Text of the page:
Rose Cut Diamond Solitaire

$1,600.00
About Details History
This sweetly minimal diamond solitaire has more going on than first meets the eye. The rose cut diamond dates to the late 18th or early 19th century and still sits in its original rubover silver setting. The 18k rose gold mounting was made much later, probably the early Edwardian period, and this bright white rose cut was repurposed from whatever piece it adorned before into this classic diamond solitaire. 

less
more

  • Materials: 18k rose gold, silver, 5.2mm rose cut diamond
  • Age: mounting c. 1900, diamond c. 1800
  • Condition: Very good - bezel appears to be the original Georgian rub over setting and is irregularly worn at the edges but is secure
  • Size: 7, can be resized for an additional fee of $90; 1.7mm hoop
  • Location: To see this ring in person please visit our shop in Boerum HIll, Brooklyn.
less
more
EDWARDIAN (1900 - 1910) The Edwardian era gets its name from King Edward VII’s brief reign at the beginning of the 20th century. His Danish bride Alexandra was young, lovely, and fashionable; with a taste for trendy pieces rendered in diamonds and pearls. The jewelry tended toward airy lightness, often in the form of lacy filigree. The world was changing rapidly, but lots of the jewelry still reflected the Victorian ideals of decorum and femininity. Ancient Roman and Greek influences remained popular. “White” jewelry became popular as plentiful deposits of platinum were discovered in Russia and improved smelting technology made it possible for jewelers to work in the noble metal. Platinum was seldom used by jewelers in earlier years owing both to its scarcity and high melting point. The jewelry trade took advantage of its rigid strength to create opulent openwork settings for increasingly brilliant diamonds. The old European cut was perfected, rounder and squatter than old mine. This took stone-cutting one step closer to the mathematically perfect round brilliant cut, which is the most popular diamond cut today. The now-iconic square Asscher cut was patented in 1902. Hot on the heels of platinum, the alloy mixture that produces white gold was formulated and patented in 1915 in New York City. With Europe in the grip of WW1, the American jewelry industry was poised to become a world leader and innovator.
less
more
Sold
About Details History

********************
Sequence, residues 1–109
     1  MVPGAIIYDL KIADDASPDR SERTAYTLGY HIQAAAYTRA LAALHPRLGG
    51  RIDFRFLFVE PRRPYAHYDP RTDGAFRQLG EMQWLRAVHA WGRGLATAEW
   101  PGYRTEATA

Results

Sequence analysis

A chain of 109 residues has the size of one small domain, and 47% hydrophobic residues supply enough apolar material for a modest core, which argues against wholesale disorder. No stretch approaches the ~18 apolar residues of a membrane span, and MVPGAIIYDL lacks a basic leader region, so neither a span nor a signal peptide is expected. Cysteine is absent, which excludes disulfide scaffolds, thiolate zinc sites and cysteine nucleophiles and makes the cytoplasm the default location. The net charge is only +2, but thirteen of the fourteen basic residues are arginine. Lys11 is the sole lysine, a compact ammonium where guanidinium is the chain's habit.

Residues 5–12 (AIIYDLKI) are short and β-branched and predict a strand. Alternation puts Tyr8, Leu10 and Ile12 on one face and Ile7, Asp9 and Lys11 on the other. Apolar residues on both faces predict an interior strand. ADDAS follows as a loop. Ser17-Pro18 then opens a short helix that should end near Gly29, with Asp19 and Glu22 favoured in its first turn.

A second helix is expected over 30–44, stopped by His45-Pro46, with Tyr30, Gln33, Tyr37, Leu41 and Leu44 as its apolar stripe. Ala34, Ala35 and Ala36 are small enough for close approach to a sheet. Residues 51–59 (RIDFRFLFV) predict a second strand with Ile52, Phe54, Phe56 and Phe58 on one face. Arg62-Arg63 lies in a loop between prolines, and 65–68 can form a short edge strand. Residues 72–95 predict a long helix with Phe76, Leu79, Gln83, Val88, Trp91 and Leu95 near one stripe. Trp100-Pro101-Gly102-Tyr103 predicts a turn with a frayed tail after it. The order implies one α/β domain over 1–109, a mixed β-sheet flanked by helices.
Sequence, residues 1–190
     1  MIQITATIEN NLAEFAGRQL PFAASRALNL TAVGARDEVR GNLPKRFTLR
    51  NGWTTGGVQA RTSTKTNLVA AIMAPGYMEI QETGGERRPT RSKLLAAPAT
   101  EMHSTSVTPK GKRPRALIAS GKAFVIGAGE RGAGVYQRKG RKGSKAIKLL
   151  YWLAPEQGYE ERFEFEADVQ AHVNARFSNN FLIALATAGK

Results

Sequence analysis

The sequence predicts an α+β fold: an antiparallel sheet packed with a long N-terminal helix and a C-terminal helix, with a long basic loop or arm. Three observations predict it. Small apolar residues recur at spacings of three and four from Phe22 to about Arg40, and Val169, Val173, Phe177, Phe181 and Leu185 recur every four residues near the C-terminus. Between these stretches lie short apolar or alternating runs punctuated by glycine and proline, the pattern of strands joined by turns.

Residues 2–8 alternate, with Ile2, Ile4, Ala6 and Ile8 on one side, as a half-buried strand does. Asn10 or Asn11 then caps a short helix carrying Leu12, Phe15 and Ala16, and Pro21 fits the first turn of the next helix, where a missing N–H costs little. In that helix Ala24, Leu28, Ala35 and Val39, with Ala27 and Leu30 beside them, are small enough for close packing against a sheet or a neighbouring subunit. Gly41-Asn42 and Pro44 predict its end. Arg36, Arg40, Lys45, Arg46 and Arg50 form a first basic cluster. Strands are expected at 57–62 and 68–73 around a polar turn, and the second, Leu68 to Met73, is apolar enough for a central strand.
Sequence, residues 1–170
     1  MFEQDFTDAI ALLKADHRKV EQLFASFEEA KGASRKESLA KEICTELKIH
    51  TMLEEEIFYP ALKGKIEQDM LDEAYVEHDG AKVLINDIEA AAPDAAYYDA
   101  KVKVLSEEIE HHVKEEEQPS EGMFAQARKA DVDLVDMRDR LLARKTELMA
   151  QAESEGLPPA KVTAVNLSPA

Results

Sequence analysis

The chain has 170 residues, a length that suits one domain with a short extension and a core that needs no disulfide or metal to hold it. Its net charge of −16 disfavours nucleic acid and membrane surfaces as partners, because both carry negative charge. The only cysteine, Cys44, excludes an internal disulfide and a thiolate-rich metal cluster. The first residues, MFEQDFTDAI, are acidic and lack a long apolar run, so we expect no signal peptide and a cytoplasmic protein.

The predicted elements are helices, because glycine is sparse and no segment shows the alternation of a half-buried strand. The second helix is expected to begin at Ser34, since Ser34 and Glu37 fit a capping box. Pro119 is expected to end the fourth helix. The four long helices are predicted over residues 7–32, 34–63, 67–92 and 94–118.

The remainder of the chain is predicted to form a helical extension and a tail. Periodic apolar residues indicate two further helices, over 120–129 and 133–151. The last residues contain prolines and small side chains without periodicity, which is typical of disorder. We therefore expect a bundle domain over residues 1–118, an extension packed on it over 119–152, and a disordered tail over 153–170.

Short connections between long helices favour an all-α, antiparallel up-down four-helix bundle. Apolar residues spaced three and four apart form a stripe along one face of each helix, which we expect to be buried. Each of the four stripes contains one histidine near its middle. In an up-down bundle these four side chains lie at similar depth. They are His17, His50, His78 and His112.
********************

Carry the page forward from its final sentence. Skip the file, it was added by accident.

This sweetly minimal diamond solitaire has more going on than first meets the eye. The rose cut diamond dates to the late 18th or early 19th century and still sits in its original rubover silver setting. The 18k rose gold mounting was made much later, probably the early Edwardian period, and this bright white rose cut was repurposed from whatever piece it adorned before into this classic diamond solitaire. 

less
more

  • Materials: 18k rose gold, silver, 5.2mm rose cut diamond
  • Age: mounting c. 1900, diamond c. 1800
  • Condition: Very good - bezel appears to be the original Georgian rub over setting and is irregularly worn at the edges but is secure
  • Size: 7, can be resized for an additional fee of $90; 1.7mm hoop
  • Location: To see this ring in person please visit our shop in Boerum HIll, Brooklyn.
less
more
EDWARDIAN (1900 - 1910) The Edwardian era gets its name from King Edward VII’s brief reign at the beginning of the 20th century. His Danish bride Alexandra was young, lovely, and fashionable; with a taste for trendy pieces rendered in diamonds and pearls. The jewelry tended toward airy lightness, often in the form of lacy filigree. The world was changing rapidly, but lots of the jewelry still reflected the Victorian ideals of decorum and femininity. Ancient Roman and Greek influences remained popular. “White” jewelry became popular as plentiful deposits of platinum were discovered in Russia and improved smelting technology made it possible for jewelers to work in the noble metal. Platinum was seldom used by jewelers in earlier years owing both to its scarcity and high melting point. The jewelry trade took advantage of its rigid strength to create opulent openwork settings for increasingly brilliant diamonds. The old European cut was perfected, rounder and squatter than old mine. This took stone-cutting one step closer to the mathematically perfect round brilliant cut, which is the most popular diamond cut today. The now-iconic square Asscher cut was patented in 1902. Hot on the heels of platinum, the alloy mixture that produces white gold was formulated and patented in 1915 in New York City. With Europe in the grip of WW1, the American jewelry industry was poised to become a world leader and innovator.
less
more